City budget would include service cuts

BATAVIA — The City Council will start work sessions later this month to go through a proposed budget for 2021-22 — a proposal that currently includes a 1.38-percent property tax rate increase.

Interim City Manager Rachael Tabelski presented a summary of the proposed 2021-22 budget to City Council Monday night which said the tax rate may go up 14 cents, from $9.59 per $1,000 of assessed property value to $9.73 per $1,000.

“About 26 percent of the city’s tax base remains tax-exempt,” Tabelski said. “That’s $218 million of property that uses city services, but does not contribute direct to our property taxes. “As we’ve spoken at many of our meetings, we have very difficult revenue conditions. Loss of our sales tax, our AIM (Aid and Incentives for Municipalities) aid being decreased by, what I’m projecting, 20 percent, by the governor’s office, management and budget. We are also not adding VLT (video-lottery terminal) funds into this budget this year.”

Sales tax, which makes up about 40 percent of the city’s budget revenue, is currently down $175,000 and AIM funds have dropped $350,000. General fund revenue is expected to go down from $17.6 million this year to $16.8 million in 2021-22.

“Revenue reduction, coupled with increases in wage and retirement costs, created about a $1.2 million gap between revenue and expenditures as compared to last year, when we started working on the budget,” she said. “The proposed budget reduces current levels of services to residents in many areas. They include parks and pavilion rental, tree trimming, ordinance and enforcement activities, community policing, special police details, community events, economic development services, funding for the arts, as well as reduced staffing levels in police and fire departments.”

Tabelski said restoring these services will depend on the economic recovery of the nation as a whole or re-examining priority services for the city.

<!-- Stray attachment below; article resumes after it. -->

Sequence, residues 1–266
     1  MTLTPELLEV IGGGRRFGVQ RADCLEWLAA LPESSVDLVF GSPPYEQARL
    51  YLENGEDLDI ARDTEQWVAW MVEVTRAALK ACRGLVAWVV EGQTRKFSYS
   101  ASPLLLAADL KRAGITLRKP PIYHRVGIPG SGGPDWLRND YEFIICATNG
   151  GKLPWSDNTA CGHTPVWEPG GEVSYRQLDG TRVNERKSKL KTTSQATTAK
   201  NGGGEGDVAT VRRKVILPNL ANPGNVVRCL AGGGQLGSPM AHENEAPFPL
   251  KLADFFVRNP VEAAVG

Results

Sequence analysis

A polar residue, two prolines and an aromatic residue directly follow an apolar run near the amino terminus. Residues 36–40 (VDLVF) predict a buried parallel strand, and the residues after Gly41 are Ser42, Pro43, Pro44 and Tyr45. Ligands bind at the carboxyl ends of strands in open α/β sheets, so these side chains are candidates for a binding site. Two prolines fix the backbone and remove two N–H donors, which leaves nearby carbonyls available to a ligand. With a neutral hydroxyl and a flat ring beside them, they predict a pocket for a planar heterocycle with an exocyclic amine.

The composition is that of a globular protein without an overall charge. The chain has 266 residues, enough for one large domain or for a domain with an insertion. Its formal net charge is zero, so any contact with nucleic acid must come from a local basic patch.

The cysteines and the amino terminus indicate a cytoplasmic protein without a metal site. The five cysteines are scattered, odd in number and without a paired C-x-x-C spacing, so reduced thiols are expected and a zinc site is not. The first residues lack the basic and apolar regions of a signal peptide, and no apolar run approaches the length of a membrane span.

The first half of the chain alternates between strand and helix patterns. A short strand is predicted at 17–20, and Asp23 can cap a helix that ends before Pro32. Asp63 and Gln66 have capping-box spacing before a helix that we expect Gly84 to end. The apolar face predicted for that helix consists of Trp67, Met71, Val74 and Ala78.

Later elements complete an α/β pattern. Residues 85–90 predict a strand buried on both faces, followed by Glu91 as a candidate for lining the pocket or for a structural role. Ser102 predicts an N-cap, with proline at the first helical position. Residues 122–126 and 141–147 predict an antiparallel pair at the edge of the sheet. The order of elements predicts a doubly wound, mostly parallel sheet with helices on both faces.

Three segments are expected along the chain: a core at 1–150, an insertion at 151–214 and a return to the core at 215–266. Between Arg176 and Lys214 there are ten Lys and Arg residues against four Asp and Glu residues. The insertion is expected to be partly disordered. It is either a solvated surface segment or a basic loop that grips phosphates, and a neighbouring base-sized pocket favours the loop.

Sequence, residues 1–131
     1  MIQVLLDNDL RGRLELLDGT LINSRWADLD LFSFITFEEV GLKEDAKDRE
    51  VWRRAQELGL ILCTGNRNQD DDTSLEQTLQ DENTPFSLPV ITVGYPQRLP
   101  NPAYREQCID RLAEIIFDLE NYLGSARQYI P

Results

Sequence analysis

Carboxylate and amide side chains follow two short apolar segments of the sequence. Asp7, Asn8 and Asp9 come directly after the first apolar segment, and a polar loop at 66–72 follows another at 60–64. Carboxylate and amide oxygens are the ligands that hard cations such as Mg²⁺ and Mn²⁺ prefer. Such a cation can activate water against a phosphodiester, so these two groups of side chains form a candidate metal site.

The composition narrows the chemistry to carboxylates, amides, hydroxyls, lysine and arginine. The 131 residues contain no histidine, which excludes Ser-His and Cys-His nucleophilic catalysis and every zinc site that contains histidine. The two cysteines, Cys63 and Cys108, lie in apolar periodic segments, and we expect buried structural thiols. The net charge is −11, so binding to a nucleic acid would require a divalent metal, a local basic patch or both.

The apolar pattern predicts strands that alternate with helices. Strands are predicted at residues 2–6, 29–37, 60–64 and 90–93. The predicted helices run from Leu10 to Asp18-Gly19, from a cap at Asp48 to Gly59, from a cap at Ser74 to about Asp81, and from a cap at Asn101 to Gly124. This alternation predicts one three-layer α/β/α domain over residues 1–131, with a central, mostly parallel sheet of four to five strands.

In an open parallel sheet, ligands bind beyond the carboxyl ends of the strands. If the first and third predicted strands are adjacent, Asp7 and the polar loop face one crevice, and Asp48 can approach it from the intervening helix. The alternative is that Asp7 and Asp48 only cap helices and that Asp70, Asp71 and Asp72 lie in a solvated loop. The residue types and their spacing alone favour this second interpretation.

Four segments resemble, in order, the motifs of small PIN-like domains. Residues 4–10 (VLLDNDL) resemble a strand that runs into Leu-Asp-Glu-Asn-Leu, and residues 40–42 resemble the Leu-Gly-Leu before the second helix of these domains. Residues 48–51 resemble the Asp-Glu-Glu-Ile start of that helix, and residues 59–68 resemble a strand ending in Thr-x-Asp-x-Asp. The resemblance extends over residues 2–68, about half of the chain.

Proposed cost reduction estimates for 2021-22 include about $187,000 in general fund expenses, $162,000 in administrative services, $322,000 in the Department of Public Works expenses, $76,000 for the Police Department and $51,000 for the Fire Department.

“The budget does include a layoff of an ordinance enforcement officer who was assigned to the police department and also to DPW (Department of Public Works),” Tabelski said. Vacancies for three firefighters, a police officer, a seasonal ordinance enforcement officer and a laborer will not be filled according to the proposed budget. Tabelski said she is working with Police Chief Shawn Heubusch and the Police Benevolent Association for a proposed retirement incentive for a police officer.

The water fund has a budget of about $5.1 million.

“The plan includes incremental rate adjustments and a modest capital improvement fee. The impact of the increase this year to a typical, residential customer is approximately $4.39 per quarter or $17.56 increase annually for their water,” she said.

The Council decided to read through the budget proposal and ask questions during the budget review process.

Tabelski talked about 2020 getting off to a promising start when COVID-19 struck in March.

“The virus, lockdowns, economic downturn and instability it has created reduced revenues in our budget, services for residents, and this (proposed budget summary) was very difficult to put together,” Tabelski said. “I’m proud of the budget I present, that it’s fiscally sound and there were difficult decisions made with the assistance of department heads and staff members, but I can honestly say that none of us like this budget.

“The restraints and restrictions forced upon us by reduced revenue and state aid will not allow the city to operate as business as usual. There are services that will need to be reduced or cut altogether if we are to achieve a budget within the tax cap. I anticipate that our budget work sessions to follow will be extremely detailed and filled with proactive conversations so the city can achieve the budget that meets the needs of the organization, the employees and our residents.”

The first budget work session is scheduled for Jan. 25.

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